Friday, May 11, 2018

Caedmon and Sylvian



The tradition of English poetry began with Caedmon–an illiterate seventh-century layman, ashamed of his inability to "versify" when the harp was passed around at a feast. Caedmon fell asleep in a stable among the animals and dreamed of an angel (a story not so far removed from Robert Johnson's). The angel, too, bade him sing, and again Caedmon protested that he did not know any songs, yet inexplicably, he found himself obeying the angel's dictum. Upon waking, he wrote a eulogy to the world and its maker transmitted to him through his dream. Today, the nine-line "Caedmon’s Hymn" is the earliest known English poem–a product of what poets now often call "dictation." Poetry is at its best from somewhere "other" – a source beyond the poet's ego and conscious mind. Sometimes the poem appears in dreams, as with Caedmon; sometimes during autohypnosis, as with William Butler Yeats or in the case of James Merrill, the Ouija board. No one would argue that for David Sylvian the muse is a bit of a waif, a gypsy, a banshee, a jazz moll, Venus, a dark alley. While Beehive is far from a pop LP, Sylvian has eased further and further away from the pop sensibility. His isn't music that one puts on at dinner, save that for James Taylor. David Sylvian is a hard listen, alone at 3am. Like Joyce or Yeats, Sylvian is difficult. I don't know that Sylvian was thinking of Caedmon when he wrote "When the Poets Dreamed of Angels," but that is exactly what poetry should do, allow its reader, or music its listener, to interpret and to dream.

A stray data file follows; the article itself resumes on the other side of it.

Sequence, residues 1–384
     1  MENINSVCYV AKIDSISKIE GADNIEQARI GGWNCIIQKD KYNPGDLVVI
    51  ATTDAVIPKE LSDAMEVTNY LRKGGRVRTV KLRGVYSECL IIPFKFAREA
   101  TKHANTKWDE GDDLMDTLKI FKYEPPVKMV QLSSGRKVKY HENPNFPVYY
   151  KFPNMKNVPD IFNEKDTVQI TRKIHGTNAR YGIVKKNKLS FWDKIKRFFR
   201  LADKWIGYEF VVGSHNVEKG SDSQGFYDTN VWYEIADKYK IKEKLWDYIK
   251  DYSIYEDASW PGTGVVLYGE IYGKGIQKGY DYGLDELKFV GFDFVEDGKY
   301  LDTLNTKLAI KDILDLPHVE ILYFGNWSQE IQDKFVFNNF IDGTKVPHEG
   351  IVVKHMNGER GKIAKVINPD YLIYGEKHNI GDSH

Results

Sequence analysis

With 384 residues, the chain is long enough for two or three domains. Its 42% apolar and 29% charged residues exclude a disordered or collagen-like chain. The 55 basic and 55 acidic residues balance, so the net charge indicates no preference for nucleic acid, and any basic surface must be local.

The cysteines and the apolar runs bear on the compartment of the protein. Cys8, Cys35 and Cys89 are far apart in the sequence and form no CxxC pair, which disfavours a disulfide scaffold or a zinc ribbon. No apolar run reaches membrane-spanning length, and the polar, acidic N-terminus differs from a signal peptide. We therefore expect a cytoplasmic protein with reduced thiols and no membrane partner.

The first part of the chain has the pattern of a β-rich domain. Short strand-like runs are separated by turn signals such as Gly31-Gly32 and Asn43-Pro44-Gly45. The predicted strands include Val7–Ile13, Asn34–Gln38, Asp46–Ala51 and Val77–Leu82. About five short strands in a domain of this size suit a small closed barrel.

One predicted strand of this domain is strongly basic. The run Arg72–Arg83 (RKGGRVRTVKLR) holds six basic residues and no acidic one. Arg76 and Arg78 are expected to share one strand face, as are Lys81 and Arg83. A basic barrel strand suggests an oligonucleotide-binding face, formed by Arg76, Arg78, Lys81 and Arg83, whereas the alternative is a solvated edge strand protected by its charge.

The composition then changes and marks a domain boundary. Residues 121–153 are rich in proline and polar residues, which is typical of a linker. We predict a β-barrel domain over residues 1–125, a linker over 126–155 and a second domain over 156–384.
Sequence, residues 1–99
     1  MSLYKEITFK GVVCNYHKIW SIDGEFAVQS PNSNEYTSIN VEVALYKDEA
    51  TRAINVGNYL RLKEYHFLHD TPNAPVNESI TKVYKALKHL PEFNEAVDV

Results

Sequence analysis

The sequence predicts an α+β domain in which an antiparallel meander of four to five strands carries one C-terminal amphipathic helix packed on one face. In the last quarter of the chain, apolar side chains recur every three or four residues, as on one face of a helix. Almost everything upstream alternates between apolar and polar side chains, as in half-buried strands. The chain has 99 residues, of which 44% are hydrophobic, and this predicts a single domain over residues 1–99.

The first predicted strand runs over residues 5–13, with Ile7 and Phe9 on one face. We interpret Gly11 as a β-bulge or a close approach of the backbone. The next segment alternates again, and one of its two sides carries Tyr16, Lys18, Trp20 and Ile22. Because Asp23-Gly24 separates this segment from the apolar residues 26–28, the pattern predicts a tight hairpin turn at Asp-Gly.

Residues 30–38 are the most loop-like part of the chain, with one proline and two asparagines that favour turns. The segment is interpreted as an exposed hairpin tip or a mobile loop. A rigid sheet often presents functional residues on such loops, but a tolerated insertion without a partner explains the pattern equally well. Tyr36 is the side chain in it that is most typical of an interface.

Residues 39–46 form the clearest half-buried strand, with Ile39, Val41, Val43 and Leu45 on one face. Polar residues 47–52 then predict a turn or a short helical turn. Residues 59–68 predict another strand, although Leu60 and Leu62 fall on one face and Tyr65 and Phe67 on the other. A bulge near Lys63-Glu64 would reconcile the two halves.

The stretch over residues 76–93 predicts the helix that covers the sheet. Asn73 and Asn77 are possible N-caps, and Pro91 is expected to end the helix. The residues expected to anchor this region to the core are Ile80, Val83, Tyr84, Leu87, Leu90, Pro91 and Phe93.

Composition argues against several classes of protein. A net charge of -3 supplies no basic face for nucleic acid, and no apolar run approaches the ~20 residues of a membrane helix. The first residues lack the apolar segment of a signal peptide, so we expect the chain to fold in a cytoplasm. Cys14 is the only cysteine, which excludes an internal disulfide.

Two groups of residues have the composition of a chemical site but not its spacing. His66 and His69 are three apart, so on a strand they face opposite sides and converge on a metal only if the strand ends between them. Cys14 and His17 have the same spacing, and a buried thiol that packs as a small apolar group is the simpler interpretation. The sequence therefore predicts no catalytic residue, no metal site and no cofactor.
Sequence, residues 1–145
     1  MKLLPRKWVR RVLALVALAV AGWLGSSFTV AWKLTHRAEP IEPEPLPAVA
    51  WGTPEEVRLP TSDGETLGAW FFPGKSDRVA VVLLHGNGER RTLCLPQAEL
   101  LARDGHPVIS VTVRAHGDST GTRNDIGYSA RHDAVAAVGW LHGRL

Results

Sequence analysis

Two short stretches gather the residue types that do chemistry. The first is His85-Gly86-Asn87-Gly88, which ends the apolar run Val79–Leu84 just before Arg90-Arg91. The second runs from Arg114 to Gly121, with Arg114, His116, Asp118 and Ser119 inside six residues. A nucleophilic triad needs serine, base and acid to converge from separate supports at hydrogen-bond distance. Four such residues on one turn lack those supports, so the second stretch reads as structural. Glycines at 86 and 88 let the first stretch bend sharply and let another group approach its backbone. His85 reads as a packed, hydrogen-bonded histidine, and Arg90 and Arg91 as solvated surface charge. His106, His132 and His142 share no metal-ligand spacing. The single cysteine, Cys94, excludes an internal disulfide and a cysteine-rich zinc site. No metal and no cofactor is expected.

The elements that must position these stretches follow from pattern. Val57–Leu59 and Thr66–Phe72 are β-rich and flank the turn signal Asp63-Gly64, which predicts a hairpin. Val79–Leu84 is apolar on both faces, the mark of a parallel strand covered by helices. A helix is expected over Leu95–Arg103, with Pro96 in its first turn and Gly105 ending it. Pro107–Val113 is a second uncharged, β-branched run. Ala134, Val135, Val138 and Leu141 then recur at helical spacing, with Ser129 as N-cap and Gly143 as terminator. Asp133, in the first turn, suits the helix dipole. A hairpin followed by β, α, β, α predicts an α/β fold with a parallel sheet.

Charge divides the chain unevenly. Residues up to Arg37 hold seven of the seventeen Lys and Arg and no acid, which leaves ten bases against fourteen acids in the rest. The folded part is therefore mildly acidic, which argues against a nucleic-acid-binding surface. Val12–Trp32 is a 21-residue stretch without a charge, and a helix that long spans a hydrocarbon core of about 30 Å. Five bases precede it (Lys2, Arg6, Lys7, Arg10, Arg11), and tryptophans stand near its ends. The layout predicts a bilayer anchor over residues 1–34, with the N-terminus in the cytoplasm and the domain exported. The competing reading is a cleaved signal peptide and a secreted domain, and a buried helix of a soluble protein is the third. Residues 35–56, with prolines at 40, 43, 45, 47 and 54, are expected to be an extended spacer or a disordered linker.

There is a long path from Adolescent Sex to Tin Drum to There's a Light That Enters Houses With No Other House in Sight, but Sylvian's existential mark hasn't wavered, despite his collaborations with Fripp or Holgar Czukay or Sakamoto, or even with Caedmon.